B & L has requested OPM adjudicate the administrative claim filed with OPM and asserts that, because the claimant served in the military during the Gulf War, the statute of limitations applicable to this claim is the five-year statute of limitations under 31 U.S.C. 3702(b)(2) rather than the two-year statute of limitations (three years for willful violations) applicable to FLSA administrative claims filed under the Barring Act.  See 73 Comp. Gen 157 (May 23, 1994); 31 U.S.C. 3702(b); 29 U.S.C. 255(a).  B & L states the claimant was called to active duty with the United States Coast Guard Reserve “from approximately February 3, 1991 to February 15, 1991” in connection with Operation Desert Shield/Storm and, citing the provisions of 31 U.S.C. 3702(b)(2), asserts:  “[H]e is entitled to retroactive back pay and interest… for the period he was employed prior to the commencement of the Gulf War on August 2, 1990, up to the date he recovered under previous FLSA settlements.  This period includes May 19, 1986 to February 24, 1990, less Mr. Pharis’s active duty military service time, for which he does not seek recovery.”[1]


We previously accepted and decided six similar claims under section 4(f) of the FLSA, as amended, codified at section 204(f) of title 29, U.S.C., which we denied as time barred.  Subsequently, claimant’s representative brought suit under the Administrative Procedure Act (5 U.S.C. 551 et seq., and 701 et seq.) in the United States District Court for the District of Columbia, alleging that OPM wrongfully applied a two-year statute of limitations in denying their administrative claims for unpaid FLSA overtime pay.  Armstrong v. Archuleta, 77 F.Supp.3d 9 (December 30, 2014).  In relevant part, the court stated in its opinion:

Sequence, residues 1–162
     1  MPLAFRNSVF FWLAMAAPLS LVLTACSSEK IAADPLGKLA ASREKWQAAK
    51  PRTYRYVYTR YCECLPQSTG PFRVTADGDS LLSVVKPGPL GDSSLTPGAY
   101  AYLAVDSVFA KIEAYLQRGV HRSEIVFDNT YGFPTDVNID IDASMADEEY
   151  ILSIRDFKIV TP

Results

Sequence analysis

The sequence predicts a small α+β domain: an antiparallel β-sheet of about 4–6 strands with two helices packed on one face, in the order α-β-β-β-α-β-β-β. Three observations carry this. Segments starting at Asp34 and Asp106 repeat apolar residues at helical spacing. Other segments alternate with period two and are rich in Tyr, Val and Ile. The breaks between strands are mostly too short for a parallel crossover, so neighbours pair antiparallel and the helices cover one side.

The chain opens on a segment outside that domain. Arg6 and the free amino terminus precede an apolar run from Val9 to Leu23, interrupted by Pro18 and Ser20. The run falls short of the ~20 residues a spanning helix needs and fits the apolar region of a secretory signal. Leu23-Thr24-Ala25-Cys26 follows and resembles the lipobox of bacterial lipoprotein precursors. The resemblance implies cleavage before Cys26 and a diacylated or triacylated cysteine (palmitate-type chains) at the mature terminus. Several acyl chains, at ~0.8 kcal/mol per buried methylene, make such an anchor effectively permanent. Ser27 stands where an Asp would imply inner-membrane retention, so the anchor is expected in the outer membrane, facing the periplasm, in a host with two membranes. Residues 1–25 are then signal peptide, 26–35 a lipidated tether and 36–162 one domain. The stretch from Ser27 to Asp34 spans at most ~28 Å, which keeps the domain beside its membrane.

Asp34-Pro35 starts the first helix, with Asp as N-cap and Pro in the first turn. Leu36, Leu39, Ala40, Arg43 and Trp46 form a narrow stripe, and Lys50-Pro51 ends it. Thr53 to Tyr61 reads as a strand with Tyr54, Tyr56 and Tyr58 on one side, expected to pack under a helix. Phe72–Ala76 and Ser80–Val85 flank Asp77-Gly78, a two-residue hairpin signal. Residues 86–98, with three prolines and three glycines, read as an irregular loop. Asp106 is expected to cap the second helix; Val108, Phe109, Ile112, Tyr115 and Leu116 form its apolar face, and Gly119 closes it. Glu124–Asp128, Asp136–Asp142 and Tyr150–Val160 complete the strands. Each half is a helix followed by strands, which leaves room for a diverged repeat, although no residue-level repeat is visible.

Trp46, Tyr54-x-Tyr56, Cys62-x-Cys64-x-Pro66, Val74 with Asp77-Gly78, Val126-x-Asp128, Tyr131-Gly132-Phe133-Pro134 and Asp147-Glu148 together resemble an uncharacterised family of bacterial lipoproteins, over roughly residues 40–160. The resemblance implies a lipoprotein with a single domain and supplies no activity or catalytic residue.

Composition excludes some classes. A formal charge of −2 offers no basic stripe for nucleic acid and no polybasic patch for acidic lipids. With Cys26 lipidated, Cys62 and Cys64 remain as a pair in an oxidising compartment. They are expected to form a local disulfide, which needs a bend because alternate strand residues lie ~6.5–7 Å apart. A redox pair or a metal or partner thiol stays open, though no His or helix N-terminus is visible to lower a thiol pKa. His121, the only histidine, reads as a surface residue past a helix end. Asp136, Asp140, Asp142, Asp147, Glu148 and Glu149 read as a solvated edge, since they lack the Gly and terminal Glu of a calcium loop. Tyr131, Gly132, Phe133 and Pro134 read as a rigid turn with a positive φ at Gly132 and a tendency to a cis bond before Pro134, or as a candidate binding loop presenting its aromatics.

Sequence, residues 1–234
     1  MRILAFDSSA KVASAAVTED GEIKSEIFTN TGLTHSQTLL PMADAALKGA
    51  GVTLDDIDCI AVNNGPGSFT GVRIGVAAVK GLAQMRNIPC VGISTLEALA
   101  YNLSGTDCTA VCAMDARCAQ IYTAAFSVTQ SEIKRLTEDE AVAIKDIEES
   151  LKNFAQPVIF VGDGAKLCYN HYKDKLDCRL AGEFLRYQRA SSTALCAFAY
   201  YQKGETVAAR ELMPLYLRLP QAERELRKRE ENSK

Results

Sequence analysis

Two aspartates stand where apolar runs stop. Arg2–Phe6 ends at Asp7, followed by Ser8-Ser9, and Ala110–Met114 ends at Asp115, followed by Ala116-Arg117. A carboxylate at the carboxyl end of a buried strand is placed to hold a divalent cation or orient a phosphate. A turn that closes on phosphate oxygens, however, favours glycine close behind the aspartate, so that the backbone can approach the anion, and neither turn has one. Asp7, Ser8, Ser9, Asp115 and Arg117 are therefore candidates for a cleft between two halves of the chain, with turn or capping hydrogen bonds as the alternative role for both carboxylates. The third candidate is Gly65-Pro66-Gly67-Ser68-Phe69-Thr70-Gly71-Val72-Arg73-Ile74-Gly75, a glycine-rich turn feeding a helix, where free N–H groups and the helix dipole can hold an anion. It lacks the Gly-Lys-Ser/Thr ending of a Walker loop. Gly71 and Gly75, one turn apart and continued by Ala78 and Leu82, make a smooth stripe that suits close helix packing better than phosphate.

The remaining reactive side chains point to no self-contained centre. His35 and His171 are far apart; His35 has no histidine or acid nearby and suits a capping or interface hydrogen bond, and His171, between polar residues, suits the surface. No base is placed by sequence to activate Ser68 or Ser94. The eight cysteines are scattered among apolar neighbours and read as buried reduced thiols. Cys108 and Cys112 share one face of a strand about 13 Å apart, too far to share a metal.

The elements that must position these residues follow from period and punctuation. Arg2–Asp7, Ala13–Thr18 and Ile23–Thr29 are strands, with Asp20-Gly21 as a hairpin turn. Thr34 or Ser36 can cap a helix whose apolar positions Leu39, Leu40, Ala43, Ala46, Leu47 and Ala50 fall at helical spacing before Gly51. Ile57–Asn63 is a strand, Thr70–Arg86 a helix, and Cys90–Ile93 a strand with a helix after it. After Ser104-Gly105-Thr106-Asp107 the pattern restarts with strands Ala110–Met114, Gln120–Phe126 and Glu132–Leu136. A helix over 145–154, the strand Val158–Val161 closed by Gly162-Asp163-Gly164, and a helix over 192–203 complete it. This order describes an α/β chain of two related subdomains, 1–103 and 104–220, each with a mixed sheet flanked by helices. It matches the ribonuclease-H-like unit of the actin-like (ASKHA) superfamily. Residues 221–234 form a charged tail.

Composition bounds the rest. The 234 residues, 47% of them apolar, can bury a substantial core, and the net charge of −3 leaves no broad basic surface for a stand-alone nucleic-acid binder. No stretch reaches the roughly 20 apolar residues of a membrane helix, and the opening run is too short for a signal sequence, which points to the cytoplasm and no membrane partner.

All Plaintiffs are deemed to have timely filed their claims as of the date of their filings with the Claims Court. As a result, Plaintiffs . . . can recover for the entire claim period under the five-year statute of limitations—that is, for all claims that accrued within five years before the Gulf War commenced on August 2, 1990—minus monies paid under their DOJ Settlements.


[T]he case is remanded to OPM to adjudicate and process damages in accordance with FLSA and other applicable laws, and Plaintiffs’ respective employing agencies are directed to compensate them in accordance with OPM’s determinations.

Consistent with the holding in the Armstrong case, we will apply the five-year statute of limitations and corrective methodology (subtracting monies already received under prior settlements or judgments) to the claims of similarly-situated claimants we find to be FLSA non-exempt and potentially due FLSA overtime pay.